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Appearance in Satellite Data

  • The satellite image shows a synoptic scale cloud shield which lies in front of a Cold Front, and comprising the area of the Warm Front and the warm sector.
  • In the VIS image the grey shades, in a well developed case, are generally white within the warm sector and near to the surface Warm Front,while the grey shades become gradually more and more grey towards the forward cloud edge (see Warm Front Band).
  • In the IR image the grey shades of the cloud shield are usually white indicating cold cloud tops, but very often they show substructures differing from case to case.
  • The pixel values in the WV image within the area of the cloud shield are high and bright.
  • At the leading edge of the cloud shield the WV image shows, along the jet axis, a sharp gradient from white to black indicating dry air at the cyclonic jet side (see Warm Front Band).
  • In contrast to the Warm Front Band, (see Warm Front Band - Cloud structure in satellite image ) the warm sector of the Warm Front Shield is overcast with cloudiness within the ascending Warm Conveyor Belt, which can, in a well developed case, extend through a rather deep layer of the troposphere.
12 February 2005/12.00 UTC - Meteosat 8 IR 10.8 image
12 February 2005/12.00 UTC - Meteosat 8 WV 6.2 image
12 February 2005/12.00 UTC - Meteosat 8 VIS 0.6 image

The IR and the WV image of 12.00 UTC show a cloud shield of a Warm Front extending from south Sweden over the Baltic Sea into Poland and further south. The VIS image from 12.00 UTC shows the shield as greyish. Not related to the Warm Front Shield but still remarkable, are the contrails seen at the rear edge of the Cold Front, southeast of Ireland. Additionally, several features mentioned below can be observed:

  • bright grey shades in the centre of the cloud shield in the IR and WV images;
  • high albedo values in the VIS image in the centre of the cloud shield and gradually decreasing values to the forward edge;
  • the black area in the WV imagery in front of the leading edge of the cloud shield along the cyclonic side of the jet;
  • the cloud shield encompasses the warm sector and the Warm Front area, which is in contrast to the band-form of the Warm Front.

Meteorological Physical Background

The classical physical Warm Front model as well as the conveyor belt theory of Warm Fronts do not discriminate between the Warm Front Band and the Warm Front Shield. But the main difference between the Warm Front Band and the Warm Front Shield is the cloudiness within the warm sector (see Cloud structure in satellite image). It is not easy to understand this with the classical model. The conveyor belt theory better explains this feature.

The cloudiness within the warm sector is associated with a more or less pronounced upper level front (see Typical appearance in vertical cross section) and there is a pronounced ascending Warm Conveyor Belt on the various surfaces of these frontal zones. It overruns the Cold and Warm Front surface lines (which is different from the band type) and mostly exists in a deep layer of the troposphere. This may be the reason for thick cloudiness and precipitation in the warm sector behind the surface front.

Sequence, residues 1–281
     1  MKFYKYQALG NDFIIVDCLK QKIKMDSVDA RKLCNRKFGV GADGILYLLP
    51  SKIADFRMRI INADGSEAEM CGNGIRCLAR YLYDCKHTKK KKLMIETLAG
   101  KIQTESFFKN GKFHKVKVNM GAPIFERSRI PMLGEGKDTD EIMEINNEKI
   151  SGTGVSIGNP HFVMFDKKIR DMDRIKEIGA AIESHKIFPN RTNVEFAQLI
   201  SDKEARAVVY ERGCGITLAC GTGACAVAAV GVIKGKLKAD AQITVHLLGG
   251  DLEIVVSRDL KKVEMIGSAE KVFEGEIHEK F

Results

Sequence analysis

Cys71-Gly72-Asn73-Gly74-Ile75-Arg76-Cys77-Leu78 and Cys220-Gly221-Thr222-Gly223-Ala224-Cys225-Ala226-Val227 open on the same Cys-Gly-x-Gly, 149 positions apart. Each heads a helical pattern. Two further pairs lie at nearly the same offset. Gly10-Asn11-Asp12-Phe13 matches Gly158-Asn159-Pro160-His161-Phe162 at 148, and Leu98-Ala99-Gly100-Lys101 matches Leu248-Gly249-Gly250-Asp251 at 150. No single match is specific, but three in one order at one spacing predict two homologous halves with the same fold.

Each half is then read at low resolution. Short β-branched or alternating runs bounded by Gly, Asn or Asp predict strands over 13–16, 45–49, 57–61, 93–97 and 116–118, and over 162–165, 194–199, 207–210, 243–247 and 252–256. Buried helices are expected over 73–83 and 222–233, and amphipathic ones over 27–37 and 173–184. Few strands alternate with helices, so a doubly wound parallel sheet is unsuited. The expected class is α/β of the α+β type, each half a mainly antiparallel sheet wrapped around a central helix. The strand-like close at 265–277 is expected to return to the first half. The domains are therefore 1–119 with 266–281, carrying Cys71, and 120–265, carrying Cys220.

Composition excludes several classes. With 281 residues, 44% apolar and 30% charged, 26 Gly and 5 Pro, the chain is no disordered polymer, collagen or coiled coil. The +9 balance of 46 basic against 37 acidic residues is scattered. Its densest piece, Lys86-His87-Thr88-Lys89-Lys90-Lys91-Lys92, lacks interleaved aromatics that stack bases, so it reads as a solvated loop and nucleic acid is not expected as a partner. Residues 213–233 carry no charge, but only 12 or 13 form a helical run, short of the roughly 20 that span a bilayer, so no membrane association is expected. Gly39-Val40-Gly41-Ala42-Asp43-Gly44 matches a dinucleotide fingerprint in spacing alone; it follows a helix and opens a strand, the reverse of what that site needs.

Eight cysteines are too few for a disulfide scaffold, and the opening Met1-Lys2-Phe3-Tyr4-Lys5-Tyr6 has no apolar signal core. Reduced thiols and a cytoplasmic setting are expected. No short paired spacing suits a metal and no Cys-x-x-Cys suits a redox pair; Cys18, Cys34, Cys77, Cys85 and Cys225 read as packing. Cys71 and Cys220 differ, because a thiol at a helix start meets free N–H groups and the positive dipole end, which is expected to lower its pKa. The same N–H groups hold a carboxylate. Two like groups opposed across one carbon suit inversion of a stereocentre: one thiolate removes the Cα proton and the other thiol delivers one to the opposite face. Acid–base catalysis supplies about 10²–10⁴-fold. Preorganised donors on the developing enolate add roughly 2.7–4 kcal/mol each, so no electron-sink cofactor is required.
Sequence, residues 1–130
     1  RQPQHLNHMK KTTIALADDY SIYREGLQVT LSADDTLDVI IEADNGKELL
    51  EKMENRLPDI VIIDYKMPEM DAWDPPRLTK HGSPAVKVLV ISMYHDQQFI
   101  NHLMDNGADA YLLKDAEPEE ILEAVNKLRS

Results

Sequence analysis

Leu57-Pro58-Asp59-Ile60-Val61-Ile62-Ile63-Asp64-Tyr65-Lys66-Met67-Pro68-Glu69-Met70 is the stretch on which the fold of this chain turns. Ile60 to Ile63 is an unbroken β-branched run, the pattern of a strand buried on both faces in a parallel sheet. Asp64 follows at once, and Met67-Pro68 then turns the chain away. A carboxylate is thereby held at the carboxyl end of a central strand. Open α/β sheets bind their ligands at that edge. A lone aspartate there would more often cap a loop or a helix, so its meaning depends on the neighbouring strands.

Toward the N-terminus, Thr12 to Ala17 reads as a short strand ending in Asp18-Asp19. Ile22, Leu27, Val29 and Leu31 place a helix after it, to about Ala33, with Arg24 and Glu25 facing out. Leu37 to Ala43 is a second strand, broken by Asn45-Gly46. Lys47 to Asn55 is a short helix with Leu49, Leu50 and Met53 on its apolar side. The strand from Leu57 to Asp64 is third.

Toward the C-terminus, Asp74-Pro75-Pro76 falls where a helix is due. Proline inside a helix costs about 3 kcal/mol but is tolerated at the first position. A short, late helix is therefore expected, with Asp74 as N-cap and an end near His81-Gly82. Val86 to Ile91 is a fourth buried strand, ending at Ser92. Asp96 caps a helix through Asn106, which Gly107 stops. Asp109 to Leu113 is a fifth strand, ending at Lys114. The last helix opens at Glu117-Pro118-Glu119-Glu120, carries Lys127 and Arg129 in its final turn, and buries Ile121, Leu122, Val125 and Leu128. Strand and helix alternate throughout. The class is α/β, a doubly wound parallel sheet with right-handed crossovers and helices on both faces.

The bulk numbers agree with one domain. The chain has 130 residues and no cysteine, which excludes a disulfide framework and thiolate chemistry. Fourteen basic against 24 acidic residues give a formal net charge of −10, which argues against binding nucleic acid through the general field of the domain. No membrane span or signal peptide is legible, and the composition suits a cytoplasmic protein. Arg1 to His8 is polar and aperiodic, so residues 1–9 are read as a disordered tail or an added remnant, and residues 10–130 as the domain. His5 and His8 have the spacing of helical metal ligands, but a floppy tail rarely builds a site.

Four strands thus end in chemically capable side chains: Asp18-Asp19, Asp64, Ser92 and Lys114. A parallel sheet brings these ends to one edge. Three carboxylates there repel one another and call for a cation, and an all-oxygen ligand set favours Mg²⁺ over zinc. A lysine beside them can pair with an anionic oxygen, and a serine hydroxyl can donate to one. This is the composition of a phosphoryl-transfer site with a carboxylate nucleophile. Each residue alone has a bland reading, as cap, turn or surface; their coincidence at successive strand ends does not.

Beside this upper level frontal zone there also exists a surface level frontal zone, which is comparable to the band type. Cloudiness on this frontal zone cannot normally be differentiated in the satellite image, but can be explained in a similar way as for the band type (see Warm Front Band - Meteorological physical background ). With this type a different relative stream from behind the Cold Front has already been described, forming the high Warm Front Band cloudiness. In the shield type this relative stream can only be seen in the area of the leading edge of the shield. Therefore this stream is either overrun or shifted forward by the dominant Warm Conveyor Belt.

In the case of the band type, it was stated that there is not enough ascending motion with the Warm Conveyor Belt, which is the reason that no cloudiness develops. In the shield type the ascent is much stronger: either this is the characteristic of the special situation or it is the consequence of a further development of the frontal system. If the frontal surfaces approach, then the isentropic surfaces become more and more inclined leading to a stronger ascent of the relative stream. This process can often be followed in the satellite images by the development of cloudiness in the warm sector of a Warm Front band culminating in the formation of the complete cloud shield (see Cloud structure in satellite images).

03 January 2005/12.00 UTC - Vertical cross section; black: isentropes (ThetaE), orange thin: IR pixel values, orange thick: WV pixel values

There is a distinct surface level and a developing upper level front. The 300K isentropic surface chosen for the relative streams in the first of two figures belongs to the pronounced surface frontal zone. The 308K isentropic surface in the second figure belongs to the upper level frontal zone.

3 January 2005/12.00 UTC - Meteosat 8 IR 10.8 image; blue: relative streams 300K - system velocity: 260° 8 m/s, yellow: isobars 300K
3 January 2005/12.00 UTC - Meteosat 8 IR 10.8 image; magenta: relative streams 308K - system velocity: 260° 8 m/s, yellow: isobars 308K

This isentropic surface is characteristic of the situation and cloud development at the surface frontal zone.